But there have been questions recently about Oracle’s progress on Fusion. Pat Walravens, equity analyst at investment firm JMP Securities, wrote in a November research note that "something seems to have gone awry with the original Fusion applications plan, which was to deliver some major applications, such as ERP [enterprise resource planning], CRM [customer relationship management], and core HR, by the end of 2008."
What’s more, some argue Oracle has been fuzzy about Fusion. "We’re coming up on almost three years now," says Jason Averbook, chief executive of consulting firm Knowledge Infusion. "Customers are saying, ‘Just tell me the truth. What is Fusion, and what should I do?’ "
During the recent OpenWorld show, one attendee said she has been disappointed by the amount of information Oracle has provided about Fusion at its annual conferences.
"Each year, I don’t get as much information as I’d hoped," she says.
The attendee, a systems administrator at a financial services firm that uses Oracle, spoke on condition of anonymity for fear of reprisal from her employer.
At a press conference during OpenWorld, Charles Rozwat, Oracle executive VP, argued customers have received an adequate product road map.
"Customers I talk to are very happy with the amount of information they have today," Rozwat says.
At OpenWorld, Oracle officials outlined certain features of the coming Fusion applications. These include a "service architecture" designed to make it easy to integrate Fusion software with other business applications, "embedded business intelligence" to mine data for making better choices, and "software as a service" readiness—meaning the applications can be delivered over the Internet besides being installed on a customer’s internal computers.
Some observers are satisfied with Oracle’s disclosures about Fusion. Wayne Fuller, application systems engineer for financial services company Wells Fargo, says he is "absolutely" satisfied with the amount of information Oracle has given on Fusion applications.
Analyst Walravens wrote in his research note that Oracle’s Fusion road map "is probably good enough for now, as most customers seem focused on preserving the value of their existing investments."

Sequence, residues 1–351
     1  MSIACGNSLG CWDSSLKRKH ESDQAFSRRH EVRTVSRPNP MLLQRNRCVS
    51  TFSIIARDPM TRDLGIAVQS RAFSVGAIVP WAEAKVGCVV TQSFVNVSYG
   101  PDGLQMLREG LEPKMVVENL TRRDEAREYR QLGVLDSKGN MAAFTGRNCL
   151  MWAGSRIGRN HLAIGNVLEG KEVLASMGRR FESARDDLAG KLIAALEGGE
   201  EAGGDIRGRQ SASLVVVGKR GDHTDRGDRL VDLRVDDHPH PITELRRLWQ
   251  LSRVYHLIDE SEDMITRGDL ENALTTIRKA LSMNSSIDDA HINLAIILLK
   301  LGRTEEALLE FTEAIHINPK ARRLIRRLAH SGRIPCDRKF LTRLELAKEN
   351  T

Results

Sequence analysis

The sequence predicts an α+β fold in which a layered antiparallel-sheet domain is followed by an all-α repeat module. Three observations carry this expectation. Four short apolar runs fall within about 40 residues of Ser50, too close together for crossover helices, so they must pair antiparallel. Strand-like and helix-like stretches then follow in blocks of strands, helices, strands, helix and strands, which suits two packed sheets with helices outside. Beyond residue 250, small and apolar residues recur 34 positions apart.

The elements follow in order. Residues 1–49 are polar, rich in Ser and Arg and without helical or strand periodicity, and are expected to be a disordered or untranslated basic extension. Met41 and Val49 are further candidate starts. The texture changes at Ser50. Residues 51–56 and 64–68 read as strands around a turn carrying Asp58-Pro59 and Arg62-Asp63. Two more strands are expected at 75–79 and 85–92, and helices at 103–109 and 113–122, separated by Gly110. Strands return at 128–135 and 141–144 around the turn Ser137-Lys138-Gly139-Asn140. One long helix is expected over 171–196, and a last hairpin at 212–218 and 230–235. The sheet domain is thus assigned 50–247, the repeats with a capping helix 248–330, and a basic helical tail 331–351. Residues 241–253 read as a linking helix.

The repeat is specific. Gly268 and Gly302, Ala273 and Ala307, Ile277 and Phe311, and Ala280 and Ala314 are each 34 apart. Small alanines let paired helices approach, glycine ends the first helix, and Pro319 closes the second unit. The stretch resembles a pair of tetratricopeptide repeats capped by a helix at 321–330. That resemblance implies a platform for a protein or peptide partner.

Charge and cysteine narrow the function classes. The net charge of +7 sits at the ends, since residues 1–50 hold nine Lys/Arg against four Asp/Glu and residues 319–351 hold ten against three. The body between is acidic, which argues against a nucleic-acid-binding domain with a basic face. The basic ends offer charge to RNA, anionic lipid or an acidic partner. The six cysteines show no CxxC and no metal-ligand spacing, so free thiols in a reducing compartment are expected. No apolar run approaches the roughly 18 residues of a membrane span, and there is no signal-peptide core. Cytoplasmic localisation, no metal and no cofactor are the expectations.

But that doesn’t mean the pressure is off when it comes to Fusion HR applications. Organizations have become more and more focused on closely connected talent management "suites" and emerging social networking tools. "Web 2.0" technologies such as blogs, wikis and corporate social networks are seen as potential spark plugs for increased collaboration, productivity and—ultimately—profits.
Oracle is keenly aware of these trends. Its OpenWorld conference went so far as to include an "Unconference," where attendees could generate their own sessions. And at the annual HR Technology Conference & Exposition in Chicago this October, Oracle demonstrated how a test version of its WebCenter product could allow employees to set up informal networks devoted to a particular topic, as well as alert colleagues about job openings.
Degnan Manning says the HR tech conference demonstration heightened customer anticipation that Fusion will incorporate social networking tools. Building in such tools adds to the challenge of meshing the best features of Oracle’s existing product lines, she argues.
"Fusion has become increasingly strategic and complex," Degnan Manning says.
Still another hurdle for Oracle is continuing to upgrade its existing applications even as it creates Fusion. But Oracle argues it is up to the task. Ellison, in fact, portrays Fusion as central to the company’s future. People ask when Fusion will be "done," he told the audience during his keynote address.
"What do you mean by done?" Ellison says. "I think we’ll be working on Fusion applications for a long time."
Right now, though, observers are starting to expect some concrete results from nearly three years of work on Fusion. And Ellison and crew have yet to convince everyone that Fusion will be a potent force, at least initially.
Fuller of Wells Fargo, for example, has no desire to move to Fusion’s first release.
"I don’t think Fusion will in two years be as good as PeopleSoft is from a functional standpoint," he says. "Any new product has to develop."